Quick Action Helps Patient Make Remarkable Recovery From Stroke
April 26, 2023
In less than 40 hours, Mary Ciancibello goes from major stroke to returning home feeling fine
Life can change in an instant, so cherish each moment.
The wisdom of that saying became evident for the Ciancibello Family of Mentor, Ohio, in the early morning hours of Jan 31.
Leslie (Les) Ciancibello was sound asleep after a long day of work as a supervisor in radiology at University Hospitals Seidman Cancer Center. His wife, Mary, who works as a lactation consultant at UH MacDonald Women’s Hospital, was beside him.
Their oldest daughter, Kaela, was prepping for a colonoscopy during the night. They knew she would be up at night. In fact, Mary, being the good mother that she is, had said to Kaela, to wake her up when she completed the prep at about 3 a.m. in case she needed anything.
“My daughter woke her up, and they were milling around doing some things, and my daughter noticed that something didn't seem right,” said Les. “Kaela saw something was off, and when she really looked at Mary, she had a facial droop.”
Kaela flew up the stairs, woke up Les, and said there was something wrong with Mom. Les, groggy from sleep, asked what she meant, then asked her to turn on the light. He saw Mary standing there with complete facial droop.
“Okay, we're calling the squad,” Les said. “Mom is having a stroke.”
Les sat Mary on the bed, and did a neuro check, based on his experience in medicine.
What’s your name? What's the date? What month is it? Who's the president?
And she just sat there staring at him. “I'm like, ‘Oh, wow, God,’ ” said Les.
EMS confirmed Les’ suspicion and drove her to UH TriPoint.
The TriPoint Emergency Department did an emergent head and neck angiogram. They found Mary had a dissected left carotid artery, or a tear in an artery in the neck, and a blockage in the middle cerebral artery – the most common artery involved in acute stroke.
Mary was taken to UH Cleveland Medical Center about 6 a.m. where the stroke team was standing by.
She was quickly taken for a CT perfusion study, a CAT scan interventional neurologists use to determine how much brain is still viable versus how much brain may have been lost from the stroke.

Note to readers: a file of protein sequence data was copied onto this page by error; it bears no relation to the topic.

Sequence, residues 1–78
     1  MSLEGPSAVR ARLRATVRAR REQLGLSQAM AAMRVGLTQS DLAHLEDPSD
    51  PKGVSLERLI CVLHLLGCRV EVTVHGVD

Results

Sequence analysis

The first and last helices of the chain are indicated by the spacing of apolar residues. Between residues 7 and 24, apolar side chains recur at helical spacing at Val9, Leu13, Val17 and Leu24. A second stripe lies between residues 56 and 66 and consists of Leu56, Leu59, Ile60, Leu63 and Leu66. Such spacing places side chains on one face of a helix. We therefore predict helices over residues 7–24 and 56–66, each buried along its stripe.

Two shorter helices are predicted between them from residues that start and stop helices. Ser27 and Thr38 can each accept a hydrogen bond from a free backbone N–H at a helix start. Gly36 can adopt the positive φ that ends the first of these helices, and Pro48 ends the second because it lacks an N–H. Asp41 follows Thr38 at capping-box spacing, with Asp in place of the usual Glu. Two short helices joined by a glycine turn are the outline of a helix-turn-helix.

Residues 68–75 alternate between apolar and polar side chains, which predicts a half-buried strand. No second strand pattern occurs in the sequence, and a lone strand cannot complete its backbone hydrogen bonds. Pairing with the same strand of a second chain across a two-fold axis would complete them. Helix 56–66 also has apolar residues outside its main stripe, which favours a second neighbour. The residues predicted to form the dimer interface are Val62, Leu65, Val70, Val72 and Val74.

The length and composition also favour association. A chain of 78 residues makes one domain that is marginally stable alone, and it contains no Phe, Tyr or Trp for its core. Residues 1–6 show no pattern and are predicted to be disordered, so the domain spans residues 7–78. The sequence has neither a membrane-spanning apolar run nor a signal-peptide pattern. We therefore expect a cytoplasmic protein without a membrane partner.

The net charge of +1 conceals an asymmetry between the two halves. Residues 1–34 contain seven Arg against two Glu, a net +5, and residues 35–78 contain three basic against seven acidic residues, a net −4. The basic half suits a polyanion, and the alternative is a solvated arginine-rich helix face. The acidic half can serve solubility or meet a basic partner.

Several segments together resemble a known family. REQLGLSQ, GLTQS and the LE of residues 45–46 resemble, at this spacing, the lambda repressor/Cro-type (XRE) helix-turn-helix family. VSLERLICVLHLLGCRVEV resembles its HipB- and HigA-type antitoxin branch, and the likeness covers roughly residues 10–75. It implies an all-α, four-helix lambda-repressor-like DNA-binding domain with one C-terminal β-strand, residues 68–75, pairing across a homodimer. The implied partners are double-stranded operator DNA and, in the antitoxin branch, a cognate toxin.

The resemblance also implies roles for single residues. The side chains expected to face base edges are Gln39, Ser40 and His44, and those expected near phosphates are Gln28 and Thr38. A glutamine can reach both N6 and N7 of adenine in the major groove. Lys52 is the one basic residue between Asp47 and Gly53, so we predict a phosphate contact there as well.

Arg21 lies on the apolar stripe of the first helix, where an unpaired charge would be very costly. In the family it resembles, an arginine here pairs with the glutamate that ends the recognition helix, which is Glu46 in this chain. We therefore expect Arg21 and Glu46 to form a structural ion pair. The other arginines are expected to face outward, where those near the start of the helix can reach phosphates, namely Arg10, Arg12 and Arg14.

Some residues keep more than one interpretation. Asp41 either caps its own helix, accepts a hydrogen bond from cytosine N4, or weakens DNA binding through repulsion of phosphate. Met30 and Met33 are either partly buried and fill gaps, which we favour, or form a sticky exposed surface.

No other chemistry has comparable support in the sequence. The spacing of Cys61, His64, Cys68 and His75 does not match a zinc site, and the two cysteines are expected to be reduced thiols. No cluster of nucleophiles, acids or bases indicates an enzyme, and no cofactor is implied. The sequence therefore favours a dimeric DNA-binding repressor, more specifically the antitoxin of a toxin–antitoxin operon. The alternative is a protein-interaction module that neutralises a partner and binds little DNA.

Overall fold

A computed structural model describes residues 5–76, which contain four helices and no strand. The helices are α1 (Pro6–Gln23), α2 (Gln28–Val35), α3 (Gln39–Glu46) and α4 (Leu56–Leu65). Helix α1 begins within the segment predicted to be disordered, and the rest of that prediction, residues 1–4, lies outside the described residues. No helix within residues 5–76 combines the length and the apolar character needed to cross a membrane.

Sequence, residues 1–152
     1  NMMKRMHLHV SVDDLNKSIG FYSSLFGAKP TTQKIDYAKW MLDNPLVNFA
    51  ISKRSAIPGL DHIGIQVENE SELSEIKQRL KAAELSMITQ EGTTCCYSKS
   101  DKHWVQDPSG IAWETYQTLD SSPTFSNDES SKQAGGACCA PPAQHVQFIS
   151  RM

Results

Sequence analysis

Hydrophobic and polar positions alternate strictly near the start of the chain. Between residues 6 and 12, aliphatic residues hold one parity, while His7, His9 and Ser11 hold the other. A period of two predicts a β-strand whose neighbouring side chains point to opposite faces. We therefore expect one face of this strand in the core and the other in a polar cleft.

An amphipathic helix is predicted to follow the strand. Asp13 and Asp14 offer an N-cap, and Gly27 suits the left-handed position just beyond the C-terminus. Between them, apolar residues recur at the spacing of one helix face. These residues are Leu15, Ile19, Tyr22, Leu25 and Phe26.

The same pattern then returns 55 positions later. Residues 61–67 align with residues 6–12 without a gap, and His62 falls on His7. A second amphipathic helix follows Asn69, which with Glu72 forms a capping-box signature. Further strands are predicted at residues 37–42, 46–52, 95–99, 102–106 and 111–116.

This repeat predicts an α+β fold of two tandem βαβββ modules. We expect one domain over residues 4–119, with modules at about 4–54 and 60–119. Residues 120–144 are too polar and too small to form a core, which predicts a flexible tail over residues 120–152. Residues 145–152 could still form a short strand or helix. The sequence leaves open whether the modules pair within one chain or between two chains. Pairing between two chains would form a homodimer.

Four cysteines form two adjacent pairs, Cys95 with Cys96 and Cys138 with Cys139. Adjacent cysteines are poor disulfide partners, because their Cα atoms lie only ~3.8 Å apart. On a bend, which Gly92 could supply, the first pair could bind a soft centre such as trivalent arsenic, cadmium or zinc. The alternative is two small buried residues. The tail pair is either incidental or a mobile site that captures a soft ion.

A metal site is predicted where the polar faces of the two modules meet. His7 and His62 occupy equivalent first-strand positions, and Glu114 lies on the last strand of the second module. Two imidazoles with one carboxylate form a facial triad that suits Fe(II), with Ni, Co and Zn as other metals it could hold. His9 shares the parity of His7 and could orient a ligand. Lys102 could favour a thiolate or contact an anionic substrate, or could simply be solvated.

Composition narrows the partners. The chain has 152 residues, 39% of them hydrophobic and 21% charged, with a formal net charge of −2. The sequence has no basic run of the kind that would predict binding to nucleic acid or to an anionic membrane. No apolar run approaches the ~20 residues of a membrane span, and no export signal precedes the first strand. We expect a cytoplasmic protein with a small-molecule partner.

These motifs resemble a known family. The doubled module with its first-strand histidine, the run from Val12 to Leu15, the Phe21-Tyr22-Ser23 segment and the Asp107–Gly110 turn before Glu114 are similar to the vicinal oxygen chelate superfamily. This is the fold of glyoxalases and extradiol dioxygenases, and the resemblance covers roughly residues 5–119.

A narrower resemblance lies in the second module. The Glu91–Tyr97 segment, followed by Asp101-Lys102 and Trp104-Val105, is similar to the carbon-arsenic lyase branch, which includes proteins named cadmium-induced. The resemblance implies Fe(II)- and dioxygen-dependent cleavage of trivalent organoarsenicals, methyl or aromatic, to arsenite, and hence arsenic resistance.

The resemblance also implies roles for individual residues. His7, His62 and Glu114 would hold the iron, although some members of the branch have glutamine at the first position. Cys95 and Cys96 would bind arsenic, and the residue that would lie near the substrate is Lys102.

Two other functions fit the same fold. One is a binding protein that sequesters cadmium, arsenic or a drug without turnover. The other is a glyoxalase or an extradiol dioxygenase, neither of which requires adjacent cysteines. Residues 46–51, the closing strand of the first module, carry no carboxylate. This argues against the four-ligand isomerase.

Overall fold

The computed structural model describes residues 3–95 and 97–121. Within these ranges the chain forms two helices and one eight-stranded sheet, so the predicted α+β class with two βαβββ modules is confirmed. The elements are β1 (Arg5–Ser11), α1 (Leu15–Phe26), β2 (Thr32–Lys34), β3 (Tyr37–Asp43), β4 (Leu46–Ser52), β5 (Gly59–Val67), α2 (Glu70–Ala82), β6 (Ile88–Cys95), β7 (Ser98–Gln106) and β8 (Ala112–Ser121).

The neuro team needed to assess if it could safely remove the blockage from her artery through a procedure called a mechanical thrombectomy. If too much of the brain is already lost from the stroke, releasing blood back into that region of the brain runs the risk of significant bleeding.
“We quickly found out, thanks to the amazing technology called RAPID that we have here at UH, that 75 percent of her brain was at risk for death,” Les said. “But it was still good. It was still viable. It was still getting enough oxygen to maintain itself, and only a very, very teeny part of her brain was lost.”
“Mary had a left carotid dissection in the neck, where there is injury to the inner wall of the blood vessel. This can cause occlusion (or blockage) of the vessel and clot formation that can then travel farther and cause more distal occlusion of blood vessels in the brain,” said Dr. Ray. “We call this ‘tandem occlusion,’ where there is occlusion of the carotid artery and the middle cerebral artery as well, which supplies majority of that side of the brain.”
Dr. Ray said these cases are often more difficult to treat because the doctors have to first open up the carotid blockage and find the true opening of the blood vessel to get the catheters and devices through to open up the next blockage. Sometimes, they have to use stents to keep the dissected carotid artery open, but they did not need to do so in Mary’s case.”